Metro Manila flood control masterplan needs P351B

Posted at 05/08/2014 8:45 PM | Updated as of 05/09/2014 2:34 AM

MANILA - More than P351 billion is needed to finance the flood management master plan for Metro Manila, according to the Department of Public Works and Highways (DPWH).

DPWH Secretary Rogelio Singson, during the "flood summit" on Thursday called for by the House Committee on Metro Manila Development, identified a major structural mitigation management master plan for Metro Manila and its surrounding areas.

The master plan will cover 4,354 square kilometers, 17.1 million people, 16 cities in the metropolis, 8 towns in Bulacan, and 63 towns and cities in the Calabarzon area.

The measures include construction of dams, basin and river improvements, rehabilitation of pumping stations and additional drainage mains/box culverts, construction of road dikes, and dredging work.

These would effectively address flooding caused by huge volume of water coming from Sierra Madre that flow Metro Manila and low-lying communities around Manila Bay and Laguna Lake, Singson said.

The biggest project is the improvement of the Pasig-Marikina River and dam construction.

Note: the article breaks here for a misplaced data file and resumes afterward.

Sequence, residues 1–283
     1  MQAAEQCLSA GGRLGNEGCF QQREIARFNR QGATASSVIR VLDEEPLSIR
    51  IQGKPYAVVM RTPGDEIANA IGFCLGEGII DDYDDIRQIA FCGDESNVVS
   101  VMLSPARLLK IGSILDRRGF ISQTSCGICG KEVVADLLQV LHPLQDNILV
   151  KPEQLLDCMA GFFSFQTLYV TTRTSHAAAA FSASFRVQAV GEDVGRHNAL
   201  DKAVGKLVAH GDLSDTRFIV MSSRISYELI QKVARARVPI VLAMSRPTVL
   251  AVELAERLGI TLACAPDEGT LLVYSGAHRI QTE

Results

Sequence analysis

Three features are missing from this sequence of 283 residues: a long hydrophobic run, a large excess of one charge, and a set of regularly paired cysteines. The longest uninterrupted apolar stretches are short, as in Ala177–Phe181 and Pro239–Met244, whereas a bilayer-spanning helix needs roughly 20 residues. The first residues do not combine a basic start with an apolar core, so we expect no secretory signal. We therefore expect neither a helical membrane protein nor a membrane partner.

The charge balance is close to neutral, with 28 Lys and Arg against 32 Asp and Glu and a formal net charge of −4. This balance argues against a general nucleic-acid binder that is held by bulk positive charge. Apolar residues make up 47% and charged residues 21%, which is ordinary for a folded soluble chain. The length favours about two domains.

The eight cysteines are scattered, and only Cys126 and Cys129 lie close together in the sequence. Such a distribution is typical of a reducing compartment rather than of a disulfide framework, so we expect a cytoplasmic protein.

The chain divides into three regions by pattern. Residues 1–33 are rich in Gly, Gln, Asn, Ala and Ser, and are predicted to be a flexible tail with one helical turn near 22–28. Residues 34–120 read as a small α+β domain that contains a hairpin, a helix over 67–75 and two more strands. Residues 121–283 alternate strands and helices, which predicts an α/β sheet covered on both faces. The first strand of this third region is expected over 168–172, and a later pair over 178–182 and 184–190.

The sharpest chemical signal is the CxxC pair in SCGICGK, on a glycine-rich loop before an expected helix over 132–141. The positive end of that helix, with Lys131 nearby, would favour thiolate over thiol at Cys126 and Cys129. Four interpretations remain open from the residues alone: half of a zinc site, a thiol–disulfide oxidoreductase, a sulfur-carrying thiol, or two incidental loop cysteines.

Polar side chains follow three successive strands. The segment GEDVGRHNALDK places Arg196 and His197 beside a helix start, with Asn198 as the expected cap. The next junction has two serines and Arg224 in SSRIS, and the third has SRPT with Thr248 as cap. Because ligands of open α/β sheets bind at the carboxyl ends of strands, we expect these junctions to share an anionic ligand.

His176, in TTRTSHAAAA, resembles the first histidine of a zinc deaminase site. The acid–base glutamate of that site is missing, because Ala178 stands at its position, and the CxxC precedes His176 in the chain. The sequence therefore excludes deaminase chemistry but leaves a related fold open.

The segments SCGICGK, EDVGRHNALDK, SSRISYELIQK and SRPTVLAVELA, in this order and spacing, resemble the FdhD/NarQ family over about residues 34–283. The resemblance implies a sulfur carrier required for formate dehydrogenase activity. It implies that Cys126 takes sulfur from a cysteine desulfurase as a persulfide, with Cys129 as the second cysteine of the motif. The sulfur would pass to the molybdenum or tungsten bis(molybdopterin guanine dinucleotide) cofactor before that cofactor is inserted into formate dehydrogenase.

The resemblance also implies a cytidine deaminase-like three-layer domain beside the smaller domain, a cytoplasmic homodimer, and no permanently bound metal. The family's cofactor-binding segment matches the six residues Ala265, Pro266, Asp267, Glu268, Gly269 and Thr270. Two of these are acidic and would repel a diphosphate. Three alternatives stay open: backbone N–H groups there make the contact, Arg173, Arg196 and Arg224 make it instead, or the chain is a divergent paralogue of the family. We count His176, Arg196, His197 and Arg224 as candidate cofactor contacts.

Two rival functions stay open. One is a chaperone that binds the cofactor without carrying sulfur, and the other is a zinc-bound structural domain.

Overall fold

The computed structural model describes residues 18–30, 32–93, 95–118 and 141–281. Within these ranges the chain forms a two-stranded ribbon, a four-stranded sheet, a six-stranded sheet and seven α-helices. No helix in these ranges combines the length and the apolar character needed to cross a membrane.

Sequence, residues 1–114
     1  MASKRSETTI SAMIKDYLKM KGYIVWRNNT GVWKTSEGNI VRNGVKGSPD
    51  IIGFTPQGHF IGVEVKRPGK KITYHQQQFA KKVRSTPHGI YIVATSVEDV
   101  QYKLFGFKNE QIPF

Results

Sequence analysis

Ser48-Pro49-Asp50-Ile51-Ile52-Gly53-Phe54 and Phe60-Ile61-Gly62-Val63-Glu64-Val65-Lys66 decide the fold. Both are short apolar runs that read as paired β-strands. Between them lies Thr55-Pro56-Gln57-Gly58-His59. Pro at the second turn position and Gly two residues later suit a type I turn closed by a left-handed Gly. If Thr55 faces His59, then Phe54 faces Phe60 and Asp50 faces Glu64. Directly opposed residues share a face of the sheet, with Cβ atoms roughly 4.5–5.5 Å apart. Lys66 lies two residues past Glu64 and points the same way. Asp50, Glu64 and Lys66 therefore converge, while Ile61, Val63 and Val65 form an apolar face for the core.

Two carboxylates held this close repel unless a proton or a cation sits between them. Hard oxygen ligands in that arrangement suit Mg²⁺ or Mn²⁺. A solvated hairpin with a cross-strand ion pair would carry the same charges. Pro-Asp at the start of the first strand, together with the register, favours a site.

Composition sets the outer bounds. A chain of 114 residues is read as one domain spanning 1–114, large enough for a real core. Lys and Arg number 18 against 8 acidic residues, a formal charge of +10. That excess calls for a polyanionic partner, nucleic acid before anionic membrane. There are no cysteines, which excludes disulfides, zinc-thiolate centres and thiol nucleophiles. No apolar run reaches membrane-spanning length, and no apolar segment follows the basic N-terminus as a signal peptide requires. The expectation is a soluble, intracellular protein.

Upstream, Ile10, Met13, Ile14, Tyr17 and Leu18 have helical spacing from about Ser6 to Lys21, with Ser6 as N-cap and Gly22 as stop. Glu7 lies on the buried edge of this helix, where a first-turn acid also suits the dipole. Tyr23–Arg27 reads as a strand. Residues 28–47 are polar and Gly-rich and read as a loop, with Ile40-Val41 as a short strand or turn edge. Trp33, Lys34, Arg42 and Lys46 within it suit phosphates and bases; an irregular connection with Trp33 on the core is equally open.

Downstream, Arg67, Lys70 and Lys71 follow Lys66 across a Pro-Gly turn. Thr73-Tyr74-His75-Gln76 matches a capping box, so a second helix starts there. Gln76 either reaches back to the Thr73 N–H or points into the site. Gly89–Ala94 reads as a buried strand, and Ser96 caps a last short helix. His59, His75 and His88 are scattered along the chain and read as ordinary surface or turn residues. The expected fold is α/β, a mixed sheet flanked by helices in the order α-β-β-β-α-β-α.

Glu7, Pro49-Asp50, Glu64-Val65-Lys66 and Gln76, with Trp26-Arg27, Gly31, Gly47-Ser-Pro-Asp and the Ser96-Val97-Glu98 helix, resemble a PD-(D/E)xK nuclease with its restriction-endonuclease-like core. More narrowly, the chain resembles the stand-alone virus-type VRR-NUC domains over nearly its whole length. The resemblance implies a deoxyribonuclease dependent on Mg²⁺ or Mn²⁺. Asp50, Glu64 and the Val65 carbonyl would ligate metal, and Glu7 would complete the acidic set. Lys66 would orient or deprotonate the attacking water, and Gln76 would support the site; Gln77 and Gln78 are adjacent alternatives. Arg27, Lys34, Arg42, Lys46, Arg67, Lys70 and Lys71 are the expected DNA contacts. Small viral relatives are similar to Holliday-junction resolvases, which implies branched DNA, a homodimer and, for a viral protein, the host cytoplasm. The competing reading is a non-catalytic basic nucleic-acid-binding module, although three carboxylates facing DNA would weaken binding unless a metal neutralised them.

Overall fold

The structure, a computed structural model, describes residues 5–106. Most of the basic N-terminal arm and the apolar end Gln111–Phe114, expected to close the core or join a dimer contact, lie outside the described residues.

Such a project would cost over P198 billion. So far, P5 billion worth of priority high-impact flood control projects are in construction. The projects include upgrade of pumping stations, dredging of rivers, and the construction of additional drainage culverts.

Singson warned that 50% of the country's output would be significantly affected if a Yolanda-like typhoon hits the Metro Manila and its surrounding areas.

He said this is the reason why a permanent solution to the flooding problem in the metropolis is needed.

He also cited the need to relocate informal settlers to improve and recover the carrying capacities of waterways.

There are 8 priority waterways in Metro Manila -- Estero de Maypajo, Estero de Sunog Apog, pasig River, Estero Tropa de Gallina, Tullahan River, San Juan River, Manggahan Floodat and Maricaban Creek -- where around 104,000 families are residing.

According to Interior Secretary Mar Roxas, 10% of these families have already been relocated. He expects the figure to double by the end of the year.